Most homeowners know it’s important to move water that is discharged by their downspouts away from their foundations if they want to avoid seepage in the basement.
Some homeowners choose to install above-ground extensions from the big box store but many more have learned that underground downspout extensions do a better job of yard drainage. They carry water from your downspouts far enough away from your foundation to avoid creating seepage problems and do so without an ugly mess of plastic pipe snaking its way across your lawn. Installed properly, they have solved many a homeowners’ basement water problem.
Where some of those homeowners make a mistake is in asking their landscaping crew to install the downspout extensions. This usually doesn’t turn out so well.
Wrong Materials – A basement waterproofing professional will use solid PVC pipe in underground downspout extensions because it will be the most durable and will carry water to its end point. Landscapers typically use corrugated plastic pipe that is great for interior drain tile but not recommended for underground downspout extensions because it leaches water through its perforations.
Incorrect Pitch of Extension – Underground downspout extensions must be pitched properly to achieve proper drainage in your yard. Landscapers sometimes get this wrong, occasionally even installing them like an underground “U” that creates more problems than it solves by forcing discharge water to back up into the downspout. This prevents any flow at all and can do serious damage to the downspouts when the weather is cold enough to freeze (and expand) the trapped water.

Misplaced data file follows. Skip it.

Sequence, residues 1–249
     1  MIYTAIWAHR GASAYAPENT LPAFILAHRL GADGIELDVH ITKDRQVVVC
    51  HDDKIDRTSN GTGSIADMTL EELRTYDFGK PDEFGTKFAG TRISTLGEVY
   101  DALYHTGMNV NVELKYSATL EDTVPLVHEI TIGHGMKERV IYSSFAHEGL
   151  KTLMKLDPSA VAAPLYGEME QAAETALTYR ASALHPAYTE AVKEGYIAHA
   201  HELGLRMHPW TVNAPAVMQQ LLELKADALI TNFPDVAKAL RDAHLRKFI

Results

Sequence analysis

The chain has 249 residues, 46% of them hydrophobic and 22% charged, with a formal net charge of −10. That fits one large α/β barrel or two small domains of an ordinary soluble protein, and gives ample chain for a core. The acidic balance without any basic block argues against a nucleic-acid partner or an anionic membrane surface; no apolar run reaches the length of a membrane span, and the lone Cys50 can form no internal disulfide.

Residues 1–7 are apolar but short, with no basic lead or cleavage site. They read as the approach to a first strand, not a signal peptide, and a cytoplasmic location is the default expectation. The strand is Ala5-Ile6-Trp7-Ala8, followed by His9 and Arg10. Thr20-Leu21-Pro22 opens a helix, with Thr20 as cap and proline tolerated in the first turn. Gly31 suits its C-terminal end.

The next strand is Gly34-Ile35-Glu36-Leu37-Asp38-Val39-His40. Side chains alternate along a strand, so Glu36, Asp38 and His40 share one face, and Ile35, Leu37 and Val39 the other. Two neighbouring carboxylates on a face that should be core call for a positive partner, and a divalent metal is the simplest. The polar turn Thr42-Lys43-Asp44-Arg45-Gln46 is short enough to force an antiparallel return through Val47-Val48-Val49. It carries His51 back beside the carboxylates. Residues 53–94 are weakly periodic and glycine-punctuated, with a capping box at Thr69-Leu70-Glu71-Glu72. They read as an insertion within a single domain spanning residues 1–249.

Direct Connection to Downspouts – The best way to install an underground downspout extension is with a debris filter that will keep the pipe clean and can be easily maintained by the homeowner. Landscapers usually attach the extension directly to the downspout so there is no access to the system between the gutter and the discharge, which often results in clogs that have to be dug up to clear.
Extensions Too Short – To be effective, an underground downspout extension should carry water at least 10 feet from the foundation to get past the "zone of failure," the area that was backfilled when the house was built. Landscapers often install just a few feet of pipe in an effort to justify their low prices and, frankly, because they often don’t know any better.
I know that landscapers work hard and do a great job at the things they’re good at – they’re just not good at basement waterproofing. Rely on them to cut the grass and plant the shrubs; call a waterproofing professional to solve basement seepage problems.
Want to know more about how to properly install an underground downspout extension? Ask your questions in the Comments box below.